12. This is a difficult question for me to answer, because the clergy of my religion are so different from those of Christianity. An Hellenic priest or priestess is primarily concerned with ritual cult worship (including the practice of sacrifices), tending the duties of the temple or shrine where they are elected, taking inventory of gifts and offerings (and seeing to their disposal if they grow too numerous or become damaged over time), overseeing temple finances, and enforcing any sacred laws regarding the temple. They aren't really concerned with ministry to the worshippers so much as their duty to the temple or shrine and the gods or spirits to whom the temple or shrine belong. They also don't perform weddings, funerals, or naming ceremonies, because those are part of private domestic worship and not public cult worship.
  13. Hellenic Hero Worship

    Yes. Hero or heroine status was conferred only upon someone's death. In the case of it being given as a prize for winning the full circuit of the Pan-Hellenic Games, it was established upon the death of the athlete. A person wouldn't be subject to hero cult worship in the ancient sense while still living, because even though hero cults might share some rituals with deity cults, they are still chthonic in nature, and are meant to address the dead. There are many heroes in Greek history that were fully mortal in life (and actual historical persons), but hero cult status was only attained after they had died. In many cases, the community would democratically agree to the establishment of a new hero cult in honor of a person who had died. In other instances, a ruler or governing body would establish a new hero cult. In some cases, an oracle (such as the Pythia of Delphi) would be consulted about whether a specific deceased person was worthy of the status, given the circumstances of their life and death.
  14. political correctness and communication

    I attended a Catholic school, where we had Mass in the school chapel every Wednesday morning, and began each class with a reading from the Bible. I was taught evolution in science class and biblical creation as myth and metaphor in religion class. I was also taught Classical myth over three years in Latin class, though sadly I have barely retained the language due to lack of use. I'm grateful to my parents for paying for my education, and giving me an opportunity I might not have gotten attending the local city school. I have also yet to find a use for knowledge of math beyond the most basic algebra in my life outside of school.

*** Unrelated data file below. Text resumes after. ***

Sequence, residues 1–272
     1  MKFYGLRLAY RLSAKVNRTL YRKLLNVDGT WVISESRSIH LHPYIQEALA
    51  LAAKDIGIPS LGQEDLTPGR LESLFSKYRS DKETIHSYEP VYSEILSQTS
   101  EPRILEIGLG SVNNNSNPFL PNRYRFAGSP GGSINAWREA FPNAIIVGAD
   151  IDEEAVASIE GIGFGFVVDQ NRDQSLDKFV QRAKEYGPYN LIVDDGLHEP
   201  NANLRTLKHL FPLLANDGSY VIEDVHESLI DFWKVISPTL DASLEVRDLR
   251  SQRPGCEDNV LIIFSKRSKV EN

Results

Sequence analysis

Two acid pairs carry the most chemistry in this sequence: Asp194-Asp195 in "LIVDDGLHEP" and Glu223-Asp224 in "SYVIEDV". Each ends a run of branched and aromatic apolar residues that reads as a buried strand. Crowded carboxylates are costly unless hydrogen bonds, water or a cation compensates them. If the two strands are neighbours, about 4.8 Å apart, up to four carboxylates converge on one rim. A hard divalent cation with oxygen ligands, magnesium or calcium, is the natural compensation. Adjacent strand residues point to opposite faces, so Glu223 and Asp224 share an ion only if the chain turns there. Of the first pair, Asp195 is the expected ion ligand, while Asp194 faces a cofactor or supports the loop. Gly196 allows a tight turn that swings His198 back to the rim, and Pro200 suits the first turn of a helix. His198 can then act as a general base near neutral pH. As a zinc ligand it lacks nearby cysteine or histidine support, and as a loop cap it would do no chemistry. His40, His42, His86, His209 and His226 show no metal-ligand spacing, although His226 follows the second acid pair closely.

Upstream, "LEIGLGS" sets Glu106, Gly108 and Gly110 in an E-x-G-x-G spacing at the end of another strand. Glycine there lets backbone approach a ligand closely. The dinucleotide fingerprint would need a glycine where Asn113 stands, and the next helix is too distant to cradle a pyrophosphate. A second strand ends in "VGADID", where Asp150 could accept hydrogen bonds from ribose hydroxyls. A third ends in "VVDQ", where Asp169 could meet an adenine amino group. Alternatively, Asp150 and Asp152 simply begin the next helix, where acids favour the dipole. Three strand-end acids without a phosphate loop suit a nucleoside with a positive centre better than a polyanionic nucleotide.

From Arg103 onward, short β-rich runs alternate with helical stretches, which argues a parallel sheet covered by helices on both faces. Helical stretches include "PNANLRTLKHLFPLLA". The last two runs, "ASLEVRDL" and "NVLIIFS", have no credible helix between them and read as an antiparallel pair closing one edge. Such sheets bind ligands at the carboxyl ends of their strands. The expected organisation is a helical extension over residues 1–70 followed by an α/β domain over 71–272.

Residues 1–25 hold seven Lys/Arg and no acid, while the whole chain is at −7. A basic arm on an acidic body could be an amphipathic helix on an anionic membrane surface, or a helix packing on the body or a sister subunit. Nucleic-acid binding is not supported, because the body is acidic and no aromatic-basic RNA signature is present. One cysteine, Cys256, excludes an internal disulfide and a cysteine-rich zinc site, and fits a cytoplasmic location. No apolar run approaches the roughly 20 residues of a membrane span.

15. Hero worship is an important aspect of Hellenic polytheism. The worship of heroes and heroines serve as a sort of bridge between ancestor worship (the chthonic rites given to deceased relatives) and the worship of the gods. I'm going to first define what exactly in meant by the word hero in an Hellenic context. A hero or heroine is a mortal who once lived and died, either in myth or history, in extraordinary circumstances. By extraordinary, I mean in the true sense of being out of the ordinary. In modern usage, the word hero has taken on a connotation of virtue. Modern heroes are expected to be "good" people, typically displaying virtues such as selflessness or charity. In an Hellenic context, heroes and heroines don't necessarily display these virtues. In fact, many heroes are deeply flawed, some to the point of committing murder and adultery. A hero need only to have lived or died in a way that was out of the ordinary, or contributed in some profound way to the culture. Babies and children could also be considered heroes and heroines if they met such criteria. The heroine Lais was a prostitute in Corinth in the fourth century BC. She was stoned to death by a mob of angry women, the wives of her clients, in the temple sanctuary of Aphrodite. Because of the taboo against murder on holy ground, the death of Lais was deemed extraordinary enough to warrant a hero cult in her honor. A shrine to Lais was erected on the grounds of the temple where she was slain. The children of Herakles were given a hero cult, because in myth they were brutally murdered by their own father during a drunken rage that was brought on by Hera. The children of Jason and Medea were also given a hero cult because a parent was responsible for their murder. Hero cult status was also a prize in the Pan-Hellenic games. An athlete who won the full circuit of the four games (Olympic, Nemean, Isthmian, and Pythian) within an Olympiad (four-year cycle) was granted the prize of a hero cult in their honor, to be established upon their death. Like ancestor worship, hero cults are typically centered around the tomb of the hero or heroine, or around a memorial shrine or monument. Unlike ancestor worship, heroes and heroines could be given worship by anyone, not just those who have familial ties to the person. Their cults also could have a priesthood attached to them, and they could be given thusia sacrifices and communal feasts in the way a heavenly god would typically be honored, even though they themselves are counted among the dead.